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Date: Wed, 10 May 2017 11:54:56 +0100
From: Simon McVittie <>
Cc: Albert Astals Cid <>
Subject: Re: generic kde LPE

On Wed, 10 May 2017 at 12:05:04 +0200, Sebastian Krahmer wrote:
> The callerID usually looks like ":1.123"
> and is a DBUS unique name that maps to the sender of the message.
> You can think of it like the source address of an IP packet.
> This ID should be obtained via a DBUS function while the message is
> arriving, so it can actually be trusted and used as a subject for polit
> authorizations when using systembus-name subjects. Allowing callers to
> arbitrarily choosing values for this ID is taking down the whole idea
> of authentication and authorization.

Yes - the analogy "unique name is like an IP address" is a good one here.
When receiving an IP packet, you might trust the source address in the IP
header, but not an IP address mentioned in the packet's body (payload).
It's the same in D-Bus.

It's also suspicious that the "callerID" is a byte array (D-Bus type 'ay');
that makes me wonder whether it was originally intended to be something
other than a D-Bus unique name. D-Bus unique names are constrained to a
subset of printable ASCII, and in particular are always valid for the
D-Bus string type 's' (which contains arbitrary UTF-8, excluding U+0000,
overlong encodings and non-characters), so it is not necessary to use
a byte-array.

This is probably a good opportunity for me to clarify which
security-sensitive things you can rely on receiving in a trusted way[1]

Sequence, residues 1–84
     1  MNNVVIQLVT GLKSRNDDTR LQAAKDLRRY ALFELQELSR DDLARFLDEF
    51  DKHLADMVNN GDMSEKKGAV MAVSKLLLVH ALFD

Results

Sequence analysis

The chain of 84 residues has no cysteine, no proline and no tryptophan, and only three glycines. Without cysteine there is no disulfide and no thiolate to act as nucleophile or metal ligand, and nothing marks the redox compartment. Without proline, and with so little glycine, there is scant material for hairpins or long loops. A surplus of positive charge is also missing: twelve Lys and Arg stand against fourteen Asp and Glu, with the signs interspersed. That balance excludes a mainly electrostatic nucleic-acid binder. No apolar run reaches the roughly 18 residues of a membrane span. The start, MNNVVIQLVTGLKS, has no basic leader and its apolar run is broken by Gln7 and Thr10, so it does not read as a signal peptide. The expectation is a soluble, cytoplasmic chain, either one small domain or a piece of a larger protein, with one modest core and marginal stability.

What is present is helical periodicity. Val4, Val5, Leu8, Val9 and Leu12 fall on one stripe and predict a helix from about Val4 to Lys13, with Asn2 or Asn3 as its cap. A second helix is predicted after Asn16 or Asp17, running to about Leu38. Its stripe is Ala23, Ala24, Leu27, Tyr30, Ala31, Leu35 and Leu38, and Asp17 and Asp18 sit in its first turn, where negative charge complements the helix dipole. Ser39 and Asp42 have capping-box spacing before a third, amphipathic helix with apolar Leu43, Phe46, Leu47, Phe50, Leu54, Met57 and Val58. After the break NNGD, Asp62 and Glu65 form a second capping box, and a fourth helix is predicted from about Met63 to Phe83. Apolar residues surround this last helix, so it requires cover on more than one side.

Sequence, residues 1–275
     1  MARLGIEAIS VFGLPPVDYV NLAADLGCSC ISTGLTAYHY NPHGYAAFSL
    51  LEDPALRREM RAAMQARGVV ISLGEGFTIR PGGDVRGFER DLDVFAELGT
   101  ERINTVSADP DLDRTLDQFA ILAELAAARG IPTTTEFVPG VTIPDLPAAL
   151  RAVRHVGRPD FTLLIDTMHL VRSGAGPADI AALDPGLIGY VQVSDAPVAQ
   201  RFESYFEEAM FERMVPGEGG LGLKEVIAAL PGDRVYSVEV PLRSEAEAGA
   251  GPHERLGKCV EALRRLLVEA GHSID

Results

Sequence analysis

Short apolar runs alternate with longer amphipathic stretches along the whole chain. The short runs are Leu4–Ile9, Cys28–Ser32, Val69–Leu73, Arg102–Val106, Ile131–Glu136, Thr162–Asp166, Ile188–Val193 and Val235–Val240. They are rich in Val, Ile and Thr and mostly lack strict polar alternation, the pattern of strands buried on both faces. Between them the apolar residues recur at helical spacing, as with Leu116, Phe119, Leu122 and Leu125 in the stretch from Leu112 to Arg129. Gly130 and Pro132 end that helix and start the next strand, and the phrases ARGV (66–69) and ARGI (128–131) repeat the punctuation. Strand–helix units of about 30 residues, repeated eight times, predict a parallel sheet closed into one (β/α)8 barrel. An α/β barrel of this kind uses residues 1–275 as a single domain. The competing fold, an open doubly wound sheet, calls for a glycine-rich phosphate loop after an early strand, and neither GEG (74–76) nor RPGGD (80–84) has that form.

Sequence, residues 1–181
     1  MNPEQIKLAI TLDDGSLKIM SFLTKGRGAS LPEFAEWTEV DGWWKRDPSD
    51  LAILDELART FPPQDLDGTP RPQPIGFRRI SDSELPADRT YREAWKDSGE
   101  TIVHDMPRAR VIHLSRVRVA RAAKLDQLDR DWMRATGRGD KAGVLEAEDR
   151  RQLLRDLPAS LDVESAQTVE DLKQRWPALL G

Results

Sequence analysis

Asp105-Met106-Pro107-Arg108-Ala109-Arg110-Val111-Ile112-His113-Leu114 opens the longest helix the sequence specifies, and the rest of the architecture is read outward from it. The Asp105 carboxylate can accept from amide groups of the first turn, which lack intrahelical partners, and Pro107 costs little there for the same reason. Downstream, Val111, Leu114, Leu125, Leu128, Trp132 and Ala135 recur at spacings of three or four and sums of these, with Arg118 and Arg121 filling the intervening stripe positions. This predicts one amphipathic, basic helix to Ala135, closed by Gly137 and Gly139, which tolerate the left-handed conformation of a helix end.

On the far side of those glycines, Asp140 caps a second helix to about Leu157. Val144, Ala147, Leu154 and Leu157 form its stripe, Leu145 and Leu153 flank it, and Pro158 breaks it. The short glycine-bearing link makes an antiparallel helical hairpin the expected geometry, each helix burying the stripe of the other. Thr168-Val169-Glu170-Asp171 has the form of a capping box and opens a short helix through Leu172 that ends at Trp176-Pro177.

via D-Bus. They are:

* The unique name of the message sender (dbus_message_get_sender(),
  g_dbus_method_invocation_get_sender() and similar APIs)

* The Unix uid corresponding to a unique name, available by calling
  the GetConnectionCredentials or GetConnectionUnixUser method on
  the dbus-daemon's org.freedesktop.DBus bus name and interface

* The Unix pid corresponding to a unique name, available by calling
  the GetConnectionCredentials or GetConnectionUnixProcessID method
  (but be careful: you can't safely use this pid to look up further
  information in /proc[2])

* The Linux LSM (AppArmor, SELinux, Smack etc.) label corresponding
  to a unique name, available by calling the GetConnectionCredentials

It is not coincidental that these match the information that the
dbus-daemon can get from the kernel in a trusted way by querying
the AF_UNIX socket that it uses to communicate with the peer, via
the SO_PEERCRED and SO_PEERSEC socket options or their non-Linux

(By the way, the protocol is called D-Bus and the reference implementation
is dbus. There is nothing called DBUS, and it isn't an acronym.)


[1] This requires trusting the dbus-daemon to not lie to you, which in
    practice you must, unless you do some sort of out-of-band
    authentication. On practical Unix systems the system dbus-daemon
    is a security boundary (a trusted component, in the infosec sense that
    it is in a position where it could break your security policy). If
    using LSMs, the session dbus-daemon is potentially also a security
    boundary for the security domains represented by LSM labels.
[2] This would be unsafe because a malicious process could change the
    apparent credentials of a particular pid by queuing up outgoing
    messages that it wants to be interpreted as though their sender had
    higher privilege, then exec()ing a setuid or similarly
    privileged executable. Rather more tenuously, it could also try
    arranging for the 15-bit process ID space to wrap around and then
    exiting at just the right time before a more privileged process
    forks, although that probably isn't a practically feasible attack.
[3] SO_PEERCRED technically also tells us the primary gid,
    but we don't expose that information in dbus-daemon, because the
    distinction between primary and supplementary group IDs seems
    needlessly confusing.

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